Parshat Vayeilech – The Shabbat of Return by Rabbi Zalman Lent

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This Shabbat, between Rosh Hashana and Yom Kippur, has a special name; it is called Shabbat Shuva – The Shabbat of Return. Two reasons are given for this; one is simply that it is in the “Ten Days of Teshuvah,” the other is that the haftarah reading this week begins with the words Shuvah Yisrael – Return O Israel, from the prophecy of Hoshea.

This is the last stop before Yom Kippur, and we try to pay a little more attention than usual to the tefillot (prayers) on this Shabbat. We pay special attention to the correct pronunciation of the words we are reading, and to their meaning. During the year as we read the same prayers over and over, it is easy to fall into the trap of either praying without thinking of the meaning, or of repeating the same reading errors over and over without ever noticing. On this Shabbat we try to focus on those things, amongst the other preparations for Yom Kippur.

In his book Keeping In Touch, Rabbi Touger shares a beautiful story about a time when members of a shul, instead of praying without meaning, offered meaning without (proper) prayer:

When “perestroika” became a reality in the former Soviet Union, Jews after many decades of forced assimilation were finally able to live openly as Jews again. In 1987, the Lubavitcher Rebbe sent many rabbis to run Yomtov services for these people. One such young rabbi was leading the Kol Nidrei services in the main synagogue of Kiev on Yom Kippur night.

Announcements of the services had been posted all over the city and Jews responded eagerly. Old men who remembered accompanying their parents to shul as children, young families who wanted a taste of their heritage after more than a half-century of Soviet persecution, and youth in their teens who barely knew they were Jewish, flocked to the synagogue.

The cantor chanted Kol Nidrei. The moving melody stirred the hearts of all those who had come. But as the service proceeded, the rabbi sensed feelings of disappointment beginning to surface. After all, most of the people had never been in a synagogue in their lives; none of them knew how to pray together with the cantor. Despite the best intentions, Hebrew-Russian siddurim, and explanations in Russian, he could see that the people were not participating. Their lack of familiarity with the prayers, and with the Hebrew the Cantor was singing, was not allowing them fully into the service. He could sense them thinking, “Were these the prayers that they had yearned for so many years to be allowed to say?”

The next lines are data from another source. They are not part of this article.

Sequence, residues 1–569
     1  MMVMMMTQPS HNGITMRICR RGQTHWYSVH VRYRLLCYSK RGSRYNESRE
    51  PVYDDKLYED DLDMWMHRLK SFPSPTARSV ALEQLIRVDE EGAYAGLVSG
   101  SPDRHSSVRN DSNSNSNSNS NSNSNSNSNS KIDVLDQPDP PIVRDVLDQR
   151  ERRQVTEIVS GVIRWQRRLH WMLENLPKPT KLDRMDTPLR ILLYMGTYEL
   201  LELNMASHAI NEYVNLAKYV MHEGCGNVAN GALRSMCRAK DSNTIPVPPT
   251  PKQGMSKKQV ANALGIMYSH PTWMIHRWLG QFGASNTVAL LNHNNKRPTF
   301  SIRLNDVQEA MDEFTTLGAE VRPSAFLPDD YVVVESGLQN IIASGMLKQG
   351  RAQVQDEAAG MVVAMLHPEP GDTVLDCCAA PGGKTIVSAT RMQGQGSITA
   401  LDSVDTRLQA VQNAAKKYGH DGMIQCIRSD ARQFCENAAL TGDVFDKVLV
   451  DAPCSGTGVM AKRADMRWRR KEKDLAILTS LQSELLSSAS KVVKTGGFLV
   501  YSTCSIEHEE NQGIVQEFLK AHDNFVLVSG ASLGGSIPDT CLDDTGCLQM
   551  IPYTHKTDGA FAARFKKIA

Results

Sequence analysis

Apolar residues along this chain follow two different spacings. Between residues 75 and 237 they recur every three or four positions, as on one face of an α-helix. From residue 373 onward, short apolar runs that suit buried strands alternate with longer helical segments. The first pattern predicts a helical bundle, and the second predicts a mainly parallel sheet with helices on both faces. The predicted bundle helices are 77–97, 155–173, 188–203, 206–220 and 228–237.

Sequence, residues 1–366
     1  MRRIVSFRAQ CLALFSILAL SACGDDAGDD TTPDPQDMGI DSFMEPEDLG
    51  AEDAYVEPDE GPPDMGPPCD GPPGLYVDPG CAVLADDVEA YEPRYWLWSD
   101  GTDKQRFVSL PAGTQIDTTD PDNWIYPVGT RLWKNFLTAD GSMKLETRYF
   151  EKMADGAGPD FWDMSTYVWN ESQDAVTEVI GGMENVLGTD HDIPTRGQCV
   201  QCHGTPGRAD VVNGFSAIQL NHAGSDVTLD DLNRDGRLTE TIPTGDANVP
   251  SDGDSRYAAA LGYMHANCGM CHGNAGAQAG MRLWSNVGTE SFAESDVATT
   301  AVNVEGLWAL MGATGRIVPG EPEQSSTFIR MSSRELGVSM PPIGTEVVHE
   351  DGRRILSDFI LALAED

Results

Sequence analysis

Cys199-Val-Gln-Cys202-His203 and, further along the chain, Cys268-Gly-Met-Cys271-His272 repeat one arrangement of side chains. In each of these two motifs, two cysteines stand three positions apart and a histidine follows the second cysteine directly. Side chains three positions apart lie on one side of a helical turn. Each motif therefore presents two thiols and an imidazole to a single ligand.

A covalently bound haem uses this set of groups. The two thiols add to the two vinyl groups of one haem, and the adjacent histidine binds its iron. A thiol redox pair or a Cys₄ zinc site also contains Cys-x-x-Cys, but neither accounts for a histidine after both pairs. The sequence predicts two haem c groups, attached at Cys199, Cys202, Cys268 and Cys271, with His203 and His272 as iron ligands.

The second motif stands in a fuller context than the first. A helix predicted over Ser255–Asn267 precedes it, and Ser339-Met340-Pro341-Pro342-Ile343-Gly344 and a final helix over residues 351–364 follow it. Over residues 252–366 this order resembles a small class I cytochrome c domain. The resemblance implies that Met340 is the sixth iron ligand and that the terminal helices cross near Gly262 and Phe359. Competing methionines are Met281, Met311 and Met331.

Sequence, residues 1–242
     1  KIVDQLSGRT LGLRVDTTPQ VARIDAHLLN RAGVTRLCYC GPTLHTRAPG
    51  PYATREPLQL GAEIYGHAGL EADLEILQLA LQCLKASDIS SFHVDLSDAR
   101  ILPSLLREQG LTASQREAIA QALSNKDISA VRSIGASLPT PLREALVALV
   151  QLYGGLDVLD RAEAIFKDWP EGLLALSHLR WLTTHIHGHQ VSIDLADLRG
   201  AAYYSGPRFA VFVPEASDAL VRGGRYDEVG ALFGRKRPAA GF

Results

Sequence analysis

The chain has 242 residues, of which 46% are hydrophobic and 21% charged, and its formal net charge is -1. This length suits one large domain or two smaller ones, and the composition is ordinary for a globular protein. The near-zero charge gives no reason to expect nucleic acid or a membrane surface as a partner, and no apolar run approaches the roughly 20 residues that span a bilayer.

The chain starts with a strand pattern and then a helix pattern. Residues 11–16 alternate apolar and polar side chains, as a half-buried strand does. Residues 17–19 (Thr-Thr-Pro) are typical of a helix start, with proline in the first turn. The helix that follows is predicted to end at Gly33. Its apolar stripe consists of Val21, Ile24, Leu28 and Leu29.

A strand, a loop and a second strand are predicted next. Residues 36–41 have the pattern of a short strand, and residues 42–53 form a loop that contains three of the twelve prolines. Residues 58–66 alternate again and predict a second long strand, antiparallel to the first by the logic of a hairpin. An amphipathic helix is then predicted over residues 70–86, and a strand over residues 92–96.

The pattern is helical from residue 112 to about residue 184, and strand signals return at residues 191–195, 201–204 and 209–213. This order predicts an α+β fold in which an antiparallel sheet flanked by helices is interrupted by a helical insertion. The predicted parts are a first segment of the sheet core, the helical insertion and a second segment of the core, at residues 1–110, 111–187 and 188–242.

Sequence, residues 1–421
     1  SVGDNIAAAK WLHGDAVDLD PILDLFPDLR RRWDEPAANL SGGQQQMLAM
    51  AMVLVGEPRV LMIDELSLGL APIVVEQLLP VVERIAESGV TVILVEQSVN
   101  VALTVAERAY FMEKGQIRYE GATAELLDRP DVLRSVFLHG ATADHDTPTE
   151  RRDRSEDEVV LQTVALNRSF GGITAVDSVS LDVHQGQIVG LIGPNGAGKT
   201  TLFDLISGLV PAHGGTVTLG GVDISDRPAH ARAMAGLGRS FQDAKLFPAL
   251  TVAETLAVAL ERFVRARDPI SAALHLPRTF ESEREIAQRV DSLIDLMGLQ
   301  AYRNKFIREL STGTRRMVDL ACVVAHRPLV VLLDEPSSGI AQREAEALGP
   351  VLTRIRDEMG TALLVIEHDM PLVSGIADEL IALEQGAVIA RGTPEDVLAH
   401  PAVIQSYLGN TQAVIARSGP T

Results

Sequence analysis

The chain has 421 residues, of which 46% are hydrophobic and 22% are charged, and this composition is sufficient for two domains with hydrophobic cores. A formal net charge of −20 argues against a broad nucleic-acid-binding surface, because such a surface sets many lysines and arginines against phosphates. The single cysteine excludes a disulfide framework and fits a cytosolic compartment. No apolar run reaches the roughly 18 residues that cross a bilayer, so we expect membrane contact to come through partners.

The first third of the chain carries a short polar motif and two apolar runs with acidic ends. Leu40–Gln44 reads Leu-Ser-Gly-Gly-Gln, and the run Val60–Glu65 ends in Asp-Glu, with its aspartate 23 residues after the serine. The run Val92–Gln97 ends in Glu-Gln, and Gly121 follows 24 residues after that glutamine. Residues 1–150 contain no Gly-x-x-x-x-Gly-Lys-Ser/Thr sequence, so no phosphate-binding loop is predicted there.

In the middle of the services, after the silent prayer known as the Amida or Shemona Esrei, the young rabbi decided to make one more attempt to strengthen their involvement in the proceedings, so he ascended to the lectern and began to tell a story:

One Yom Kippur, the Baal Shem Tov was praying together with his students in a small Polish village. Through his spiritual vision, the Baal Shem Tov had detected that harsh heavenly judgments had been decreed against the Jewish people, and he and his students were trying with all the sincerity they could muster to cry out to G-d and implore Him to rescind these decrees and grant the Jews a year of blessing.

This deep feeling took hold of all the inhabitants of the village and everyone opened his heart in deep-felt prayer.

Among the inhabitants of the village was a simple shepherd boy. He did not know how to read; indeed, he could barely read the letters of the Alef-Bet, the Hebrew alphabet. As the intensity of feeling in the synagogue began to mount, he decided that he also wanted to pray. But he did not know how. He could not read the words of the prayer book or mimic the prayers of the other congregants.

He opened the prayer book to the first page and began to recite the letters: Alef, Bet, Gimmel – reading the entire alphabet. He then called out to G-d: “This is all I can do. G-d, You know how the prayers should be pronounced. Please, take the letters and arrange them into the correct prayers.”

This simple, genuine prayer resounded powerfully within the Heavenly court. G-d rescinded all the harsh decrees and granted the Jews blessing and good fortune.

The Rabbi paused for a moment to let the story impact his listeners. Suddenly a voice called out, “Alef,” and thousands of voices thundered back “Alef.” The voice continued: “Bet,” and the thousands responded “Bet.” They continued to pronounce every letter in the Hebrew alphabet. And then they began to file out of the synagogue.

They had recited their prayers.

Let us hope that this Yom Kippur, all or prayers, whether individual or collective, whether fluent or halting, should all ascend to the Heavenly Court, and may we be granted a year of life, good health and happiness. Shabbat Shalom.

Rabbi Zalman Lent




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